Can Snapchat’s re­design rem­edy its prob­lems?

App now sep­a­rates posts by source, but rev­enue pres­sures are a concern


Snapchat lifted the cur­tain on the re­design of its app Wed­nes­day, just weeks af­ter the com­pany re­ported bruis­ing earn­ings and its chief ex­ec­u­tive, Evan Spiegel, promised to make the app more ac­ces­si­ble to new users.

The com­pany said in a blog post that the app will now sep­a­rate the posts made by one’s friends from con­tent cre­ated by pub­lish­ers, rather than show­ing those sto­ries in the same spot. The app will still open onto a user’s cam­era, but all friend con­tent will be to the left, while pub­lisher con­tent on the com­pany’s “Dis­cover” plat­form will be to the right.

Snapchat said the re­design could be summed up as sep­a­rat­ing “so­cial” from “me­dia.” “While blur­ring the lines be­tween pro­fes­sional con­tent cre­ators and your friends has been an in­ter­est­ing In­ter­net ex­per­i­ment, it has also pro­duced some strange side ef­fects (like fake news) and made us feel like we have to per­form for our friends rather than just ex­press our­selves,” Spiegel said in a com­pany blog post.

For Snapchat, the re­design is about high­light­ing its strengths. Giv­ing the chat fea­tures their own space to breathe will, it hopes, un­der­score its strengths as a com­mu­ni­ca­tions app. On the other hand, the com­pany is tak­ing a big­ger step into pre­mium con­tent cu­ra­tion, ex­pand­ing its Dis­cover fea­ture to al­low more trend­ing con­tent of its choos­ing to show up on users’ feeds.

Dis­cover will ex­pand to in­clude not only con­tent from Snapchat’s con­tent part­ners — which in­clude The Wash­ing­ton Post as well as the New York Times — but also from ver­i­fied celebri­ties. Sto­ries gen­er­ated by al­go­rithms, such as sto­ries com­piled from a par­tic­u­lar lo­ca­tion, will also show up on Dis­cover. Snapchat will re­view most con­tent with a team of hu­man cu­ra­tors. One ex­cep­tion would be shows pro­duced for Snapchat, which al­ready must ad­here to com­mu­nity guide­lines.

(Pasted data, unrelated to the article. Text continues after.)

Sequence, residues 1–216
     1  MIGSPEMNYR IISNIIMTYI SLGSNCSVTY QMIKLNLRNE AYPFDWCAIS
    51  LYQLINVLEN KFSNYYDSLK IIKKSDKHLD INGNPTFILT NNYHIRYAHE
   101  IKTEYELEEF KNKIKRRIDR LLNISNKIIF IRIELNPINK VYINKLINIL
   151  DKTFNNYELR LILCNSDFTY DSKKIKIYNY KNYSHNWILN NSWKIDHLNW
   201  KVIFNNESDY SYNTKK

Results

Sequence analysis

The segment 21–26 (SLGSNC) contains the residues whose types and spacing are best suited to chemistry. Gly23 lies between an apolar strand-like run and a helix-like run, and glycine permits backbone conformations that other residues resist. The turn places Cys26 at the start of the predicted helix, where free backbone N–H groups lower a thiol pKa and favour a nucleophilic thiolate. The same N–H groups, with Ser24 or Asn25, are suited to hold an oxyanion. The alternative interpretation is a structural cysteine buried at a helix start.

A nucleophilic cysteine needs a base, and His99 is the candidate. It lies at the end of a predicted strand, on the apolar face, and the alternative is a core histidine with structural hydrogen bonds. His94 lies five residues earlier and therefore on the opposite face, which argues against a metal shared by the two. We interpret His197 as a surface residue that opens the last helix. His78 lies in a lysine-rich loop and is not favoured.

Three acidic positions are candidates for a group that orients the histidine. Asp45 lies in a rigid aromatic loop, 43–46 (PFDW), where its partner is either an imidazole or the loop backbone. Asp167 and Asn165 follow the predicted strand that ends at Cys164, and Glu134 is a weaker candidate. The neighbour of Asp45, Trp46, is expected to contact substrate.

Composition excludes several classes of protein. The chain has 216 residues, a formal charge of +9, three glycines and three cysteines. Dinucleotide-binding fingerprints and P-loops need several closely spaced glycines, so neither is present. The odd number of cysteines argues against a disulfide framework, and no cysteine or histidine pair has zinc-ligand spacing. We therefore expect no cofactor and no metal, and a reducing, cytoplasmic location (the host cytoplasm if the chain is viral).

Such a move puts Snapchat more firmly in the role of judg­ing what’s ap­pro­pri­ate for its site — a ma­jor chal­lenge that Face­book, Google and Twit­ter have wres­tled with in bal­anc­ing free speech and good taste.

Some an­a­lysts have noted that the changes don’t seem quite that big and were not in the di­rec­tion they’d ex­pected. “This was not a whole­sale re­design,” said De­bra Aho Wil­liamson, an an­a­lyst at re­search firm eMar­keter.

Snapchat is fac­ing two main prob­lems: slow­ing growth and floun­der­ing ad­ver­tis­ing rev­enue. Sep­a­rat­ing the app’s func­tions may not help, ei­ther, Wil­liamson said.

“There have been ques­tions over time about how much time peo­ple spend look­ing at con­tent on Snapchat,” she said. “I would have thought they’d made it more in­te­grated.”

Snap’s stock was lit­tle changed Wed­nes­day. The stock closed at $13.70, up 0.66 per­cent.

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